During the Roman occupation of Britain in the first four centuries of the Christian era, many Britons and Romans were bilingual, but as far as we know it never occurred to any of them that their respective languages, Celtic and Latin, were long-lost cousins. Still less could it have occurred to them that the speech of the Jutes, Saxons, Angles and Frisians (who were then encamped on the North Sea from Jutland down to the mouth of the Rhine) might also be kin. It was with the arrival in Great Britain of these Germanic tribes, however, after the collapse of the Roman authority in A.D. 410, that the history of the English language really began. Their descendants are now referred to as Anglo-Saxons and their language as Old English. They were eventually to give Britain a new name: England 'Land of the Angles'.

The Anglo-Saxon era lasted 500 years. During the second half of the period (from A.D. 800 onwards), successive waves of Viking invaders took over much of the British Isles, reaching their height of influence with the reign of Canute (994-1035), King of England, Denmark and Norway. Though the Viking invaders eventually integrated with their Anglo-Saxon cousins, these Norse-speaking newcomers left a mark on English vocabulary and many words in use today are derived from Old Norse. For instance, hit comes from Old Norse hitta, to come upon, to meet with, thrive and thrift come from Old Norse thrīfa, to grasp, grab.

The language of 10th century England is as far removed from us today as are the longships of the Vikings. In order to understand Old English we must study it like a foreign language. Here, for example, are the opening verses of the Lord's Prayer as recited by the English in the year 1000:

Fæder ūre,
thū the eart on heofonum,
sī thin nama gehalgod,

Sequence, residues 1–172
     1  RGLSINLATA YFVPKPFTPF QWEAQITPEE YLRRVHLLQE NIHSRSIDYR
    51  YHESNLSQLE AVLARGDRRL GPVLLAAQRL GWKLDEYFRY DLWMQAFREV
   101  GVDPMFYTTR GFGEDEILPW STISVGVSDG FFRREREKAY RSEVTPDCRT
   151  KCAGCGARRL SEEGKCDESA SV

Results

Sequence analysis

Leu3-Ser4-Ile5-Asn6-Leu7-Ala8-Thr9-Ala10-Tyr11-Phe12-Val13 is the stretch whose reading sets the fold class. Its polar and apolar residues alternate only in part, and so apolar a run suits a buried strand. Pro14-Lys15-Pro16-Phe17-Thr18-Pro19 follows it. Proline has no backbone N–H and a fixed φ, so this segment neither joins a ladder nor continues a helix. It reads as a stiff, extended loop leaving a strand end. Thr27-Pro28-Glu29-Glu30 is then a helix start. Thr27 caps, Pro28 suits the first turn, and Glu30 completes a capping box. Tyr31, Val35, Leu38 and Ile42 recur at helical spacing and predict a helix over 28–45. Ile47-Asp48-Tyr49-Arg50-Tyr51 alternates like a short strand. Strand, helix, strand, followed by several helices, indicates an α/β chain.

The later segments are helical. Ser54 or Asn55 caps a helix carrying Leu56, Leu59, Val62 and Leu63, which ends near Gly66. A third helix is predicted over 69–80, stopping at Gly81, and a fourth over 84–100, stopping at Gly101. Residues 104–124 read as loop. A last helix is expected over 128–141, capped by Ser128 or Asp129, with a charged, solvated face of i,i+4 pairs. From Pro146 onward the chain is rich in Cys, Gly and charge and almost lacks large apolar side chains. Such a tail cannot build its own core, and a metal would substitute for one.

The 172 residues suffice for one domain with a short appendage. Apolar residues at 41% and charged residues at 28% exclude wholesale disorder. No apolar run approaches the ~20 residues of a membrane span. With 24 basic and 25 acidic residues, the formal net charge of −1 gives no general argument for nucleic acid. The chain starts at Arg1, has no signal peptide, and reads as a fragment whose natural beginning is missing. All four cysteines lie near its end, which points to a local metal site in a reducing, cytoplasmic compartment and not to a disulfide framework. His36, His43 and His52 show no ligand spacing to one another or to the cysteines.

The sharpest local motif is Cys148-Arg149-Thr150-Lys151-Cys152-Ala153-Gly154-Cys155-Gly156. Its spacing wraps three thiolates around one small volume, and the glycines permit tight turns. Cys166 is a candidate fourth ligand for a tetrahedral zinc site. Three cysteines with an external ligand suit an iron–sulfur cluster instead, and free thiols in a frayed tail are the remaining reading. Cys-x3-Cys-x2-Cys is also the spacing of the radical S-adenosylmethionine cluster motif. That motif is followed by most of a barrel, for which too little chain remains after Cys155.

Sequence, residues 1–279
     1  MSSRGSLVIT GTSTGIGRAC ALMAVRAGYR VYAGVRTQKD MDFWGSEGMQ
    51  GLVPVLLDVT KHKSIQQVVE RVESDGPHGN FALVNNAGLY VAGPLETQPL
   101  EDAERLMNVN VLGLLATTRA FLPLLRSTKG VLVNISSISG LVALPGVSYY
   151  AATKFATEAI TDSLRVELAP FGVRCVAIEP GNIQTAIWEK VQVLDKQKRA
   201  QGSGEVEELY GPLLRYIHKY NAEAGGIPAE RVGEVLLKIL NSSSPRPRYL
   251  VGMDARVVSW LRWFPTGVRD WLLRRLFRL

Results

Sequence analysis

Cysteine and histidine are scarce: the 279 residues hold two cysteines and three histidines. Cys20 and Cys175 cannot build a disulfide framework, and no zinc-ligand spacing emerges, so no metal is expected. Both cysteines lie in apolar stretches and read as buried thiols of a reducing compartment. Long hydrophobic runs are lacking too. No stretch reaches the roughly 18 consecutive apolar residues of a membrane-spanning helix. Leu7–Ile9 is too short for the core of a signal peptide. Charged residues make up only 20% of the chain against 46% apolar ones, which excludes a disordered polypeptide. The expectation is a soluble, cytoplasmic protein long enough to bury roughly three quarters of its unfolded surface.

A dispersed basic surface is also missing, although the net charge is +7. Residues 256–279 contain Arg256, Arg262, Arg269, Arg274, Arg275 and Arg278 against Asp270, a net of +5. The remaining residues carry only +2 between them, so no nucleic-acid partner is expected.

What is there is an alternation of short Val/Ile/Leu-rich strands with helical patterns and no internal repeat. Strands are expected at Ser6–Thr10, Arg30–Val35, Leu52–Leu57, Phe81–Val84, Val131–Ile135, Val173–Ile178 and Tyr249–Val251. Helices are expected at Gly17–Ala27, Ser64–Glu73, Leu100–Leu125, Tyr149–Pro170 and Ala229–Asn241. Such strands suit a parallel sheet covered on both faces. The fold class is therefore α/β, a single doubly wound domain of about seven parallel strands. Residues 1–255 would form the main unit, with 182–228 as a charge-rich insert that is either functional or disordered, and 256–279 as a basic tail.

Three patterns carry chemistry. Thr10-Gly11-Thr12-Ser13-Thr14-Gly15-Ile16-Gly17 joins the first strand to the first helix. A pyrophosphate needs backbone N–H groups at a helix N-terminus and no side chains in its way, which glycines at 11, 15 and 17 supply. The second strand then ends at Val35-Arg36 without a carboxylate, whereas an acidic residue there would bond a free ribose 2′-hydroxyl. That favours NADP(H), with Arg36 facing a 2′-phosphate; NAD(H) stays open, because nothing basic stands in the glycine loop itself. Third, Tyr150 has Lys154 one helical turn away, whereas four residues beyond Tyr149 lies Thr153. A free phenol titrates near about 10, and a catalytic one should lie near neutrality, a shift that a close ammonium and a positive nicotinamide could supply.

Tōbecume thīn rīce,<BR>Gewurthe thīn willa on eorthan,<BR>swā swā on heofunum . . . </FONT></td><td VALIGN="top" COLSPAN="2"><P><FONT FACE="Arial, Helvetica, sans-serif" SIZE="3" COLOR="#000000">Our Father<BR>which are in heaven,<BR>hallowed be thy name.<BR>Thy kingdom come,<BR>Thy will be done in earth,<BR>as it is in heaven . . . </FONT><BR><BR></P></td><td></td></tr><tr><td height="256"></td><td COLSPAN="6" VALIGN="top"><FONT FACE="Arial, Helvetica, sans-serif" SIZE="3" COLOR="#000000"><BR>T</FONT><FONT FACE="Arial, Helvetica, sans-serif" SIZE="3" COLOR="#000000">he Norman Conquest in 1066 heralded the end of the Old English period. French became the language of the Court and of state business, while ordinary people continued to speak English. At the same time, William the Conqueror promoted marriages between Normans and English—a farsighted policy that led in the long run not only to a national reconciliation but also to the formation of a new type of English in which the basic native tongue was richly blended with the imported French word-stock. The language is called <I>Middle English</I>, and it is readily recognisable as the immediate ancestor of Modern English.<BR><BR>Middle English emerged during the 12th and early 13th centuries and became a polished literary language during the 14th century, with the classic <I>Canterbury Tales</I> of Geoffrey Chaucer (1340-1400). The following refrain from Chaucer's 'Merciless Beauty' well illustrates the blend of French and English vocabularies characteristic of the new composite idiom:<BR><BR></FONT></td><td></td></tr><tr><td height="97"></td><td></td><td COLSPAN="5" VALIGN="top"><P><FONT FACE="Arial, Helvetica, sans-serif" SIZE="3" COLOR="#000000">Your yën two wol slee me sodenly,<BR></FONT><FONT FACE="Arial, Helvetica, sans-serif" SIZE="3" COLOR="#000000">I may the beauté of hem not sustene . . .<BR><BR>(Your two eyes will slay me suddenly,<BR>I can beauty of them not sustain ...)</FONT></P></td><td></td></tr><tr><td height="813"></td><td COLSPAN="6" VALIGN="top"><P><FONT FACE="Arial, Helvetica, sans-serif" SIZE="3" COLOR="#000000"><BR><BR><I>Sodenly</I>, <I>beauté</I> and <I>sustene</I> are French-derived; the other words are all native English. This proportion has remained more or less the same since the 13th century. In typical speech or writing, more than half of the words which relate to abstract concepts are borrowed—mainly from French or Latin. At the same time, if you count <I>all</I> words in a typical segment of speech or writing, the native English words very substantially outnumber the borrowed ones.<BR><BR><I>Middle English</I> had a variety of dialects. What emerged as the predominant dialect was that of the south-east of England and London. It achieved dominance, not because it was more agreeable or more pleasant to listen to than the others, but because it was the regional language of the capital. What began as a regional dialect then became a class dialect, the language of the powerful and of the educated clerics from the not-too-distant universities of Oxford and Cambridge, which provided not only churchmen but also what we now call the public or civil service.<BR><BR>By the reign of Henry VIII the language of London and the south-east had become the national standard. A contemporary style manual advises the writer: 'Ye shall therefore take the usual speech of the Court and that of London and the shires lying about London within 60 miles, and not much above.' The language of this exhortation is somewhat old-fashioned—but it is <I>Modern English</I> nonetheless. Prose of remarkable modernity was written by Thomas Moore and William Tyndale during the 16th century. The evolution from <I>Middle English</I> to <I>Modern English</I> culminated, through a succession of scriptural translations, in the great Authorised Version of the Bible in 1611. <BR><BR>There have been innumerable changes in the language since that time, but they have been essentially minor. To the earlier basic English vocabulary and the firmly establish sentence structure were grafted thousands of Greek and Latin borrowings brought in by the Humanists, who were responsible for the Renaissance. It was this rich and varied language that Shakespeare inherited. When he died in 1616 the language as we now know it had been essentially formed.<BR><BR>It has not ceased to develop, nor to expand beyond England. Already in Shakespeare's day English had moved to America. Later colonisation took it further afield. Today it is the mother tongue of millions people in Britain, North America, Australia, New Zealand, South Africa and the West Indies. It is a second language—sometimes the only usable common language—in many parts of Africa, Europe and the Indian subcontinent. It is in world-wide use in international science and technology and in diplomacy. It was even the first language uttered by man on the moon.<BR><BR><B>English in Australia and New Zealand</B><BR><BR>English-speaking peoples can understand each other all over the world. But the spread of the English language over widely-dispersed regions led to many areas developing an independent variety. Americans and British people understand each other. Yet there are many differences between their types of English. Australians and New Zealanders have exhibited similar independence, both in vocabulary and idiom.</FONT><BR><FONT FACE="Arial, Helvetica, sans-serif" SIZE="3" COLOR="#000000"><BR>The English of Australia and New Zealand is very predominantly the English of Britain. But the English that was brought into these two former colonies has been altered and expanded during the past 200 years. A new country demands a new vocabulary for new experiences, new landscapes, a new night sky, new flora and fauna, and new manners. Words have been created. Others have had to be adapted to form meanings different from those of their English originals. In both countries, lively colloquialisms are common at all points in the social spectrum. <BR></FONT></P></td><td></td></tr><tr><td height="293"></td><td></td><td></td><td></td><td WIDTH="145"></td><td WIDTH="107"></td><td></td><td></td></tr> </table><map name="Map"> <area shape="rect" coords="624,4,920,54" href="../request_quote.htm" alt="Request Quote from Translate Me" title="Request Quote from Translate Me"> </map><FONT COLOR="#000000"><BR><BR><BR><BR><BR></FONT> </body> </html>